salmonella is endemic by geographic region. in the USA, the major risk _was_ cracked eggs - where salmonella could enter the egg and breed prolifically. USDA washing/sanitizing regulations (apply only to large producers.....) have dramatically reduced the external induced infection risk.

the other vector is "internal" - an infected hen can lay an un-infected egg on day x and an infected egg on day y. as best I can gather, nobody can explain why. the egg may be 'infected' with salmonella from the point it leaves the ovaries.

the 'organic' label is fine, but it is not of any assurance that an egg is salmonella free.

oh, I'm in the organic camp, but I live in reality . . . just for info.
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PostPosted: Sat Jul 10, 2010 1:47 am    Post subject: Homemade Mayo - be safe with fermentation Reply with quote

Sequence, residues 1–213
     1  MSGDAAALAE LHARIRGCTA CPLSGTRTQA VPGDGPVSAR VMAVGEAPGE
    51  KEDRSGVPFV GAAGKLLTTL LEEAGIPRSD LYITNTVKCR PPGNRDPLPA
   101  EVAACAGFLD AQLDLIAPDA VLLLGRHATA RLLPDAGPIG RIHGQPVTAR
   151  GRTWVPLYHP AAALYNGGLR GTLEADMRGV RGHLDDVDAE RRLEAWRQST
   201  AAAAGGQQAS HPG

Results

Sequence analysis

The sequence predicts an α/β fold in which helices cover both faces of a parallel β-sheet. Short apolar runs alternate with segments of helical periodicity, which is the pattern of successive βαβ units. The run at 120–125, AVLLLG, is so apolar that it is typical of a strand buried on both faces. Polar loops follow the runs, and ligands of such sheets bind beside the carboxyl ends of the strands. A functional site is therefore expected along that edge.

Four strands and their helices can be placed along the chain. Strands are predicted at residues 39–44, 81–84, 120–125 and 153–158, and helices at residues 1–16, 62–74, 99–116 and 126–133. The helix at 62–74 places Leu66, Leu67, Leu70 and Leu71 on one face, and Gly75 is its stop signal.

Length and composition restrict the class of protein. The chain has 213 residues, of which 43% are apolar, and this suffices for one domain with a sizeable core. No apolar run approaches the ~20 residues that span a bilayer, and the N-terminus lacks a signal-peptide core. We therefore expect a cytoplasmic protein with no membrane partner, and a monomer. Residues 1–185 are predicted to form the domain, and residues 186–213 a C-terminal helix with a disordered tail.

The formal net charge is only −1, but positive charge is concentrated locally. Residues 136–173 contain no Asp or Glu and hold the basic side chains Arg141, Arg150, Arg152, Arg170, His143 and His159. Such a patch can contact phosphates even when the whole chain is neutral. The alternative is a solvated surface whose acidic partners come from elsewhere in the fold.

I've enjoyed the comments and info that 'you' have shared.

I adore my homemade mayo and am anxious to try the stick blender. Up to now I have been using my food processor. And now I am wanting to try the true yolk only mayo too. If it has the richness of hollandaise it will be heaven!

I follow Sally Falon's Nourishing Traditions as well. But I add fermented dill pickle juice with the vinegar (I prefer raw coconut vinegar-flavor is not as sharp as raw apple cider vinegar) for my savory mayos. I fermented the pickles following Sally's book, too. I add whey in my mayos used for waldorf salads and less savory applications.

The use of whey and fermented pickle juice is yet another way to get healthy food source probiotics into our diets & families, not to mention the longer storage option; altho I have yet to have homemade mayo last for more than a week.

Don't you think that commercial mayos have a "dead" taste after making fresh? Not that I would touch soy; who can afford the soy free mayos that actually have eggs in them?! I'll stick with the real McCoy and make it myself!